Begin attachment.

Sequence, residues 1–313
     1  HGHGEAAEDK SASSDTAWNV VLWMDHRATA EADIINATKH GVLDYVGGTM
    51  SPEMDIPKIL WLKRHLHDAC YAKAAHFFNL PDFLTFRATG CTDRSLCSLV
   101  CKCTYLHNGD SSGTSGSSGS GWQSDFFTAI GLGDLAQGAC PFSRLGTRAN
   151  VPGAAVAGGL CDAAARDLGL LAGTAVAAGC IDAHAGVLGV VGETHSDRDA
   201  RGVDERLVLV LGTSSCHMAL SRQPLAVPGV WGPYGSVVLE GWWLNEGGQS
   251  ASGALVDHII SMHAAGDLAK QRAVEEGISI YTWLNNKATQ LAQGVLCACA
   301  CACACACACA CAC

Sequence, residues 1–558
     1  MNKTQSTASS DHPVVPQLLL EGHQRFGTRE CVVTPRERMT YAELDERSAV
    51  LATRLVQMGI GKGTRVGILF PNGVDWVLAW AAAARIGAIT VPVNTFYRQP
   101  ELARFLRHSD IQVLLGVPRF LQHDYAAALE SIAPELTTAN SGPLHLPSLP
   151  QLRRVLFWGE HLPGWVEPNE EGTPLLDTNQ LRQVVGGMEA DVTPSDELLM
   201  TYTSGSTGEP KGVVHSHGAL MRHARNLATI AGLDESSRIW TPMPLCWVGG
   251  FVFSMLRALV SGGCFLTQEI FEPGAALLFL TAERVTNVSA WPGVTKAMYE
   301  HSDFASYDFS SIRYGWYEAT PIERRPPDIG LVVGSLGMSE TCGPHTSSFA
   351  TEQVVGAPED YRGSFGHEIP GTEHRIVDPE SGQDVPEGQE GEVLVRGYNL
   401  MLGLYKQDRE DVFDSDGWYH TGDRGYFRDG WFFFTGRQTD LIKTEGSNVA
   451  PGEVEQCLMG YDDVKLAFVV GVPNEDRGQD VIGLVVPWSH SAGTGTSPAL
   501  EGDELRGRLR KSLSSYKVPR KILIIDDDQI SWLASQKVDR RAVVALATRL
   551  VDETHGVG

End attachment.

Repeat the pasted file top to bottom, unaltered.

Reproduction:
Sequence, residues 1–313
     1  HGHGEAAEDK SASSDTAWNV VLWMDHRATA EADIINATKH GVLDYVGGTM
    51  SPEMDIPKIL WLKRHLHDAC YAKAAHFFNL PDFLTFRATG CTDRSLCSLV
   101  CKCTYLHNGD SSGTSGSSGS GWQSDFFTAI GLGDLAQGAC PFSRLGTRAN
   151  VPGAAVAGGL CDAAARDLGL LAGTAVAAGC IDAHAGVLGV VGETHSDRDA
   201  RGVDERLVLV LGTSSCHMAL SRQPLAVPGV WGPYGSVVLE GWWLNEGGQS
   251  ASGALVDHII SMHAAGDLAK QRAVEEGISI YTWLNNKATQ LAQGVLCACA
   301  CACACACACA CAC

Sequence, residues 1–558
     1  MNKTQSTASS DHPVVPQLLL EGHQRFGTRE CVVTPRERMT YAELDERSAV
    51  LATRLVQMGI GKGTRVGILF PNGVDWVLAW AAAARIGAIT VPVNTFYRQP
   101  ELARFLRHSD IQVLLGVPRF LQHDYAAALE SIAPELTTAN SGPLHLPSLP
   151  QLRRVLFWGE HLPGWVEPNE EGTPLLDTNQ LRQVVGGMEA DVTPSDELLM
   201  TYTSGSTGEP KGVVHSHGAL MRHARNLATI AGLDESSRIW TPMPLCWVGG
   251  FVFSMLRALV SGGCFLTQEI FEPGAALLFL TAERVTNVSA WPGVTKAMYE
   301  HSDFASYDFS SIRYGWYEAT PIERRPPDIG LVVGSLGMSE TCGPHTSSFA
   351  TEQVVGAPED YRGSFGHEIP GTEHRIVDPE SGQDVPEGQE GEVLVRGYNL
   401  MLGLYKQDRE DVFDSDGWYH TGDRGYFRDG WFFFTGRQTD LIKTEGSNVA
   451  PGEVEQCLMG YDDVKLAFVV GVPNEDRGQD VIGLVVPWSH SAGTGTSPAL
   501  EGDELRGRLR KSLSSYKVPR KILIIDDDQI SWLASQKVDR RAVVALATRL
   551  VDETHGVG